The cycle paths in the middle of Paris,  along the Seine, are a very hard to follow and I struggled up and down the pavements and cobbles. Eventually I hit came off a pavement too hard and the result was a punctured back wheel. All the stuff I'm carrying is very heavy.

I don't know why people say the French are unfriendly. I had two people stop to ask if I needed help and one of them told me of a water fountain around the corner with cool Eau De Paris for free! Great idea! Changing my back tube was hot work in the heat!

While filling up with lovely, cool water I met a guy riding one of these solo wheel thingies. He was amazed that I was travelling to Rome and I was amazed that he wasn't falling over while doing clever tricks!

I eventually stopped for the night on the edge of the canal route on the Eastern side of Paris. A clean, cheap and friendly place. Dinner is en suite ala Des tonight. Bought from the shop across the road - pasta, veg and fruit. Nothing too foreign!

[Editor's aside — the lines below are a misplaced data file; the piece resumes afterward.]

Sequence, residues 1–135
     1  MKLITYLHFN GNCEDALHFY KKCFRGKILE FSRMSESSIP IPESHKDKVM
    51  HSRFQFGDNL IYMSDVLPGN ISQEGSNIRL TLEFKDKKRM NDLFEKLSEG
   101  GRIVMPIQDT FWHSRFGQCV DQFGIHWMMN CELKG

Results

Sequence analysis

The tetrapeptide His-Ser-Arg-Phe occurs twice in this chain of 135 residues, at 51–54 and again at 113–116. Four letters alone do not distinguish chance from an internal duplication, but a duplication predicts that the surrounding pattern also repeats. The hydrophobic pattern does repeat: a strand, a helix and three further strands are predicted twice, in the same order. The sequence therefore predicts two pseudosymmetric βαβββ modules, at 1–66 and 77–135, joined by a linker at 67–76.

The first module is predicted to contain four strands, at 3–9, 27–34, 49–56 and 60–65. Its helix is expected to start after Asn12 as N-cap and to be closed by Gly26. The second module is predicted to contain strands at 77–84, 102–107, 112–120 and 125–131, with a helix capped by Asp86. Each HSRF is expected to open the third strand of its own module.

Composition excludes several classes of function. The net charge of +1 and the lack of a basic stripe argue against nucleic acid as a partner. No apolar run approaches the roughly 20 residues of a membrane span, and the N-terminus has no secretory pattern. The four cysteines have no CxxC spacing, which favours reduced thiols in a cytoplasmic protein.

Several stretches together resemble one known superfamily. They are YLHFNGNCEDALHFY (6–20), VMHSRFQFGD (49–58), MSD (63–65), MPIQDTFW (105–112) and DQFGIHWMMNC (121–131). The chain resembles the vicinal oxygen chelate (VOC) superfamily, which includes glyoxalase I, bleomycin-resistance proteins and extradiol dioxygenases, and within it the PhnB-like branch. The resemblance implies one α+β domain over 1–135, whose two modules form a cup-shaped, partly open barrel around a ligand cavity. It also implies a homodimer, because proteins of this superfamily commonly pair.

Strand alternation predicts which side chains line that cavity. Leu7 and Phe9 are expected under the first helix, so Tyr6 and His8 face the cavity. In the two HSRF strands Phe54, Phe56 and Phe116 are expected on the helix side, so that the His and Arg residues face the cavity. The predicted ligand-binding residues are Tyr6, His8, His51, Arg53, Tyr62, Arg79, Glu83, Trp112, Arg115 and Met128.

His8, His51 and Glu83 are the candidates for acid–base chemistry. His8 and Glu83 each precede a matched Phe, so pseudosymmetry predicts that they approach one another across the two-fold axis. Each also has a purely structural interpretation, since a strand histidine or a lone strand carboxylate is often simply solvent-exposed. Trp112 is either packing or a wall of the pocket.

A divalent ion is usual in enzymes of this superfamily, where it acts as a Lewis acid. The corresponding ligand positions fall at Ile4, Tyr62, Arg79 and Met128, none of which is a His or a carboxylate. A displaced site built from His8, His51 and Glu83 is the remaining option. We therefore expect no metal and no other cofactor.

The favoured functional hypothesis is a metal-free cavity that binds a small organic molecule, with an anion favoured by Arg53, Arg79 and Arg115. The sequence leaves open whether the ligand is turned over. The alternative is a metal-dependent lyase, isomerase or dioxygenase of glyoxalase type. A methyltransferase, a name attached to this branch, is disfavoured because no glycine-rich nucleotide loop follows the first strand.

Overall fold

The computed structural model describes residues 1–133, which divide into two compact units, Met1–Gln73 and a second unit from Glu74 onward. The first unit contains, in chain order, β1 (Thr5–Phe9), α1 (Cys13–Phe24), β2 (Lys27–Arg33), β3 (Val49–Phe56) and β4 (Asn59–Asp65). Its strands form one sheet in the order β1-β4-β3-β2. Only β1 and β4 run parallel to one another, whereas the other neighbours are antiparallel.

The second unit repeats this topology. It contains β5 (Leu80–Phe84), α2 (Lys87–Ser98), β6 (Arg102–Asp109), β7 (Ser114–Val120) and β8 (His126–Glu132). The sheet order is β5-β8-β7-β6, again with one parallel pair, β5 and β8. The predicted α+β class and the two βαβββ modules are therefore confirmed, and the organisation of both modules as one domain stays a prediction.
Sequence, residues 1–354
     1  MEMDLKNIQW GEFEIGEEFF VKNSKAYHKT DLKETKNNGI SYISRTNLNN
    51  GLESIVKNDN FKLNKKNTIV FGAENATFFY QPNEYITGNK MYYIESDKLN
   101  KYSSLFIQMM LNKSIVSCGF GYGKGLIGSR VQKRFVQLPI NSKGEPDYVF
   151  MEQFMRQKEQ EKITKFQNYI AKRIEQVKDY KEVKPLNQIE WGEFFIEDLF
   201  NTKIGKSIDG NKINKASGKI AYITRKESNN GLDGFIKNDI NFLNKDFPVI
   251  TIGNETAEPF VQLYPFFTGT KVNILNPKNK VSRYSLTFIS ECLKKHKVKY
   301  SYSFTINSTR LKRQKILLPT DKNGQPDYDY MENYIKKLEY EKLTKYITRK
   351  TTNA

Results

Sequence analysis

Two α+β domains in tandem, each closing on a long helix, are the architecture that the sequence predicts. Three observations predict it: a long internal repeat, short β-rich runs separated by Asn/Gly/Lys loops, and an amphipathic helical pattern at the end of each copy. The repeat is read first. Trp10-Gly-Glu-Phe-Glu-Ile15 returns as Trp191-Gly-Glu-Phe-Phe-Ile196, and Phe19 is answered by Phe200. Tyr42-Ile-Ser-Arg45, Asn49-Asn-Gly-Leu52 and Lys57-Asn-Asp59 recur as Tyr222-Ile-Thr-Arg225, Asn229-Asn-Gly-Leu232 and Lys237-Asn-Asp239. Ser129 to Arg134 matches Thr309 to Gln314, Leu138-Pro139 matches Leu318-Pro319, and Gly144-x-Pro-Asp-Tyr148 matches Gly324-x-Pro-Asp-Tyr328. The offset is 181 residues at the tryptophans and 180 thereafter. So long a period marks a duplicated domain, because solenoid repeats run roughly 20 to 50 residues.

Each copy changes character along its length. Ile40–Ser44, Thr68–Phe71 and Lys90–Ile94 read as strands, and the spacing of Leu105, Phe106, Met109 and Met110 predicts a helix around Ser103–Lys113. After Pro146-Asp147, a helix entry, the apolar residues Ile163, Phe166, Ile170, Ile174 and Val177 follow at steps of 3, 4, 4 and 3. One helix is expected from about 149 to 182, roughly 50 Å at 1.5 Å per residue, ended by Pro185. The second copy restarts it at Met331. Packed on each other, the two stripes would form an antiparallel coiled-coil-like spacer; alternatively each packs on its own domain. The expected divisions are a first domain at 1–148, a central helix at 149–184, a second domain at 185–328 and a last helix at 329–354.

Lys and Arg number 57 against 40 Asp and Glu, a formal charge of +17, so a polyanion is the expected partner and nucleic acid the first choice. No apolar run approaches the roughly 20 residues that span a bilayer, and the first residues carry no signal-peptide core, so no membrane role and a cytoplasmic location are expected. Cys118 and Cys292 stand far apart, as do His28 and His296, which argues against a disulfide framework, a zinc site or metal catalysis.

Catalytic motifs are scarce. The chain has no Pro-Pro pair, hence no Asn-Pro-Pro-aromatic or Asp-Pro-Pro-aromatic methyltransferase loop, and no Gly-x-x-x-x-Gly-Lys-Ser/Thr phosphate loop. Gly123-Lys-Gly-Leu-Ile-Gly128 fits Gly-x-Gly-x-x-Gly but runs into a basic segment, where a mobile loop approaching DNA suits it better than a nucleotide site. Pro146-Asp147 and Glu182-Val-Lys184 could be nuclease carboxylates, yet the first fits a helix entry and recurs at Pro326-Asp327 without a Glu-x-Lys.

It is a very nice feeling being clean and washed and back in civilisation! But tomorrow may be a different story...

Day 2 Dieppe to Char, Val d'Oise

Char is set in the beautiful Val d'Oise so I'm near the outskirts of Paris. I found a good campsite in a forest and yes there are trees for my hammock! I've arrived a bit early at 4.30pm but the lack of recovery time from the wet and windy ride to Newhaven, the ferry journey, lack of sleep and the 85 miles covered today have all taken their toll.

Nina's Cancer Centre flags are still flying and are encouraging people to talk to me.

I met some very interesting cyclists in the ferry last night. One guy was on the last leg of a challenge - 4 cities in 4 days. 250 km per day! Starting from Luxembourg - Brussels, the Hague and London and Paris.

And there was a young couple staying off on a 1 year trip to Cape Town! Yet they felt sorry enough for me to sponsor me!

I was hoping for a shower tonight but I guess that will have to wait another day, for tonight I have the groan of the trees and the drone of mosquitos for company and they're not likely to complain about the smell!